Why political candidates should be sucking up to women

According to the authors of "The She Spot," there's plenty of money and free P.R. to be had.

Topics: Broadsheet, Love and Sex,

If Lisa Witter and Lisa Chen are to be believed, women are poised to take over the world — or at least to make it a bit more liberal. Coauthors of “The She Spot: Why Women Are the Market for Changing the World — And How to Reach Them,” Witter and Chen looked at how marketing data on women can be used by nonprofits and political campaigns to appeal to female donors. AlterNet has an excerpt from the book today, featuring six reasons why women (by which they seem to mean, American women) are “the market for changing the world,” based on what’s known about our habits as consumers: We control slightly more than half of the world’s wealth (who knew?), and we make 83 percent of household purchasing decisions; when we have money, we’re more likely than men to donate it to charitable and political causes; we can work word of mouth like nobody’s business; we vote more than men, especially for Democrats; we volunteer more of our time; and what sells to us will often — contrary to the marketing wisdom of yore — sell to men, too. (Women tend to research everything from new cars to charitable organizations more thoroughly than men do, and “when you appeal to the toughest customer, you’ll have covered the bases on many of the factors that can turn a ‘maybe’ into a ‘yes’ — whether your target audience is a man or woman.”)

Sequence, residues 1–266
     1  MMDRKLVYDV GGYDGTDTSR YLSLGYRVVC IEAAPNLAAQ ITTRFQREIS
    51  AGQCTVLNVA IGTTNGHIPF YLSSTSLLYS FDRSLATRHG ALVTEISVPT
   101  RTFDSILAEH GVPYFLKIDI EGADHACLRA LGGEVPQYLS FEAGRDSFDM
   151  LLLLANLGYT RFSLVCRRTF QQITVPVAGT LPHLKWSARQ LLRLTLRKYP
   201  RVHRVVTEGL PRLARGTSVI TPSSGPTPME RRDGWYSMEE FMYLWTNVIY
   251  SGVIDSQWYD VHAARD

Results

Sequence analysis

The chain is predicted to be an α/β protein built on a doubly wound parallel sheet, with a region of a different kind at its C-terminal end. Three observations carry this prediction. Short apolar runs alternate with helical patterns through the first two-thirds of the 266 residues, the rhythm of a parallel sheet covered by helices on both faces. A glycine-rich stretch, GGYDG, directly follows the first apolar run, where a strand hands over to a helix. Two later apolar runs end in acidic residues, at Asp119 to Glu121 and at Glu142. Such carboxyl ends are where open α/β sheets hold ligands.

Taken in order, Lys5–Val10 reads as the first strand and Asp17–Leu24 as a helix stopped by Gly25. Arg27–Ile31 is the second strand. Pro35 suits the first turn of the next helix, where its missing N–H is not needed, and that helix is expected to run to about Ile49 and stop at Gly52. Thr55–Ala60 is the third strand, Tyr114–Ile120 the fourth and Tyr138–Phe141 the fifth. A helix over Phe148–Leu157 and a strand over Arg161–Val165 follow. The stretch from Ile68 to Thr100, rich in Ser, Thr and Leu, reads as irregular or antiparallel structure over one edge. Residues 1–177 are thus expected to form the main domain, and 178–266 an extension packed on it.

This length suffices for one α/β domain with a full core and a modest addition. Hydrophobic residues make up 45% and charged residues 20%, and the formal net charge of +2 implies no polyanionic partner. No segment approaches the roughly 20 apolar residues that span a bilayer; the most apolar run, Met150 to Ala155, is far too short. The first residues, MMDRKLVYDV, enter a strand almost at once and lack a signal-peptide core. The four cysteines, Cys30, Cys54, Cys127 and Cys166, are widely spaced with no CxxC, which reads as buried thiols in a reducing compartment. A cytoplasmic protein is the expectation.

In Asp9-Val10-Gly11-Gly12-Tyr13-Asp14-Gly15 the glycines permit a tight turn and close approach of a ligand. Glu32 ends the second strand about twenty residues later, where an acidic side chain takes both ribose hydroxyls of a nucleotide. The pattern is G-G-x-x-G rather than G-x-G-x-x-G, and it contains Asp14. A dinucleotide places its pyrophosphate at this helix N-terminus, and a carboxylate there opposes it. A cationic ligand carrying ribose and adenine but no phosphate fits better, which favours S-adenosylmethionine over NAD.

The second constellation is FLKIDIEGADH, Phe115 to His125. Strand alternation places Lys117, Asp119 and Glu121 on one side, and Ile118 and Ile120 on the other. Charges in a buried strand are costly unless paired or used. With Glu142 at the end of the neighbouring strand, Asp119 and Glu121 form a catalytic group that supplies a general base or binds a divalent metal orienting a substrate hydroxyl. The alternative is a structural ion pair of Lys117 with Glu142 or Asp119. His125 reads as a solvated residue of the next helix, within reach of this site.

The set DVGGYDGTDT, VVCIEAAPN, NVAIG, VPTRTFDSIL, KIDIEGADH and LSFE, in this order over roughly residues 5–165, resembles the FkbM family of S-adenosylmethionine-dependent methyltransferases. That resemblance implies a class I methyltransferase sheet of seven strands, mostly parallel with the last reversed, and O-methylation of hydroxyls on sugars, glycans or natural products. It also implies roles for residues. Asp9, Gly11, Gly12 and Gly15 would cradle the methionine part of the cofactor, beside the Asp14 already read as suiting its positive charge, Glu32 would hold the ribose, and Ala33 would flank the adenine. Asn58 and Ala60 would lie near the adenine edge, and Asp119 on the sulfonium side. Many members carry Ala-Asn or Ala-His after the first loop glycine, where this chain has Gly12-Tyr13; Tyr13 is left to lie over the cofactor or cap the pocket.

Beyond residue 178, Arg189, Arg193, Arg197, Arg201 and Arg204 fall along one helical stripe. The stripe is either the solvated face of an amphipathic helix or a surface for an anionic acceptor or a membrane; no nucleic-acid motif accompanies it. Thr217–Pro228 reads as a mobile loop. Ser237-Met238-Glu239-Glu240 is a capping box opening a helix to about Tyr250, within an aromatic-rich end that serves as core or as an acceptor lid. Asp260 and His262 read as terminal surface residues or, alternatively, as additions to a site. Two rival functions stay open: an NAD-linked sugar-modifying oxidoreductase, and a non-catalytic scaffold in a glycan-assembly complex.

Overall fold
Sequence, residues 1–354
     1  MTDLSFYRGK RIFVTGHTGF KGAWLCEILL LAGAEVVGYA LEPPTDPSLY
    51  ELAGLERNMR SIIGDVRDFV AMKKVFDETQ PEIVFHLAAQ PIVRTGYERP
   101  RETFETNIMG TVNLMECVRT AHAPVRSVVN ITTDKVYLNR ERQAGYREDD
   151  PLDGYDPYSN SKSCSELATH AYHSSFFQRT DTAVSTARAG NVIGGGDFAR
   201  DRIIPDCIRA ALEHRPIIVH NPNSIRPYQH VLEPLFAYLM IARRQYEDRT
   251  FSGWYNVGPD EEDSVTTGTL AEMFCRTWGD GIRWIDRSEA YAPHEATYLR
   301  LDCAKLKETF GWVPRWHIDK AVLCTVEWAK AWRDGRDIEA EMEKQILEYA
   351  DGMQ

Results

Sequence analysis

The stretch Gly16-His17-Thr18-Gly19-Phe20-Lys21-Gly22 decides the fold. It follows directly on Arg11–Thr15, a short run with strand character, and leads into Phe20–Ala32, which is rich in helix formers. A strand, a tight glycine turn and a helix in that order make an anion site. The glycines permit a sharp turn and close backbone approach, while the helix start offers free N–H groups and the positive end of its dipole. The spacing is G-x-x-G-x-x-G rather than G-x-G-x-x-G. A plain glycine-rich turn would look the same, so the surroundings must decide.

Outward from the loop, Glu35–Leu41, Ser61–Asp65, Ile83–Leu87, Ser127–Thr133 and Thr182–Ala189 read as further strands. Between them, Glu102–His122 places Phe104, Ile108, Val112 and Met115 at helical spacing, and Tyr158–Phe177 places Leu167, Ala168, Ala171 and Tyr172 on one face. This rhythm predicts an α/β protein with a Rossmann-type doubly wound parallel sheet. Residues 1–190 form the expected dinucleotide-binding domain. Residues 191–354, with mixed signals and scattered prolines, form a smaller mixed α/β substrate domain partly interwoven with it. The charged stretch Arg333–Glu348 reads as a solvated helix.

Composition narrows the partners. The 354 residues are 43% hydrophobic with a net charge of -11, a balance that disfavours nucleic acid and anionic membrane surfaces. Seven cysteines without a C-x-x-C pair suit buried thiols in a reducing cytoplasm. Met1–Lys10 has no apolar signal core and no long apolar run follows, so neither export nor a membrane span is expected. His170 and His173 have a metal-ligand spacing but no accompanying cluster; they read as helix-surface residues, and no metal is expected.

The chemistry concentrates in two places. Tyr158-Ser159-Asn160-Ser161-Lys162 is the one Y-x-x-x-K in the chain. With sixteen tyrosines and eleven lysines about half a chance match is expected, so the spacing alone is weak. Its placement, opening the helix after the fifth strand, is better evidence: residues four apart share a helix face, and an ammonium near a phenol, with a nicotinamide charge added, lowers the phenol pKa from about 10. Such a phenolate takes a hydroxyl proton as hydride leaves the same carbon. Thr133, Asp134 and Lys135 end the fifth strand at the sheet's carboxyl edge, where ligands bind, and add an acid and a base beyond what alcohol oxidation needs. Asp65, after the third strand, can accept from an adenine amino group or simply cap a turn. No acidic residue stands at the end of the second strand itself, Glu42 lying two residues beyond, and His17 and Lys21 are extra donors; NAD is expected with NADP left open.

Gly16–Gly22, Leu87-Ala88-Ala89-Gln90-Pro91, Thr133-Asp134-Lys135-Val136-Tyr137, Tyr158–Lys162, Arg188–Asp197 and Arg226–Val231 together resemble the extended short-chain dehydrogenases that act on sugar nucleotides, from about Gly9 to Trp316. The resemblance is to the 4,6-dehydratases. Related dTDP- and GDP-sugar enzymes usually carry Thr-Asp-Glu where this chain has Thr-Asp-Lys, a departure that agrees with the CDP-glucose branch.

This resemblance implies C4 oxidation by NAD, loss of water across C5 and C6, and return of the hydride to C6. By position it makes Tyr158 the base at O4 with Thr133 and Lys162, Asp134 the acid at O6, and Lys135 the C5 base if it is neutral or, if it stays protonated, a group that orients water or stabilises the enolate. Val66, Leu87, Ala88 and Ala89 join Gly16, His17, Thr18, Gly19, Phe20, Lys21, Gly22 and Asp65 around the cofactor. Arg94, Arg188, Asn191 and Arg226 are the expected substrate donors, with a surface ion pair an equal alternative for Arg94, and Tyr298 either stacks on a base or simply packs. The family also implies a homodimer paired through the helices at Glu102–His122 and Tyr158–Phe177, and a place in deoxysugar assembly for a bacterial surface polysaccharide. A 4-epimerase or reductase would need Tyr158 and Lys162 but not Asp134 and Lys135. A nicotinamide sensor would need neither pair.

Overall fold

If charities and political candidates learn more about what women want (something they’ve been slower to do than corporations), they can tap into a whole bunch of money and free P.R. they’ve been missing out on, say Witter and Chen. “Not only do women have the power to profoundly influence the world of consumer goods, they also have the power to rouse and accelerate our ability to do good — provided we know to unleash that power.”

Here’s the problem: Nobody cares. (Yet.) Because half the population has long been considered a “niche market,” many of the people who could benefit from women’s purchasing and social power still haven’t quite clued in to it. Or, as Witter and Chen stingingly put it, “While we’ve demonstrated why women matter, making them count is a whole other story.”

Kate Harding is the co-author of "Lessons From the Fatosphere: Quit Dieting and Declare a Truce With Your Body" and has been a regular contributor to Salon's Broadsheet.

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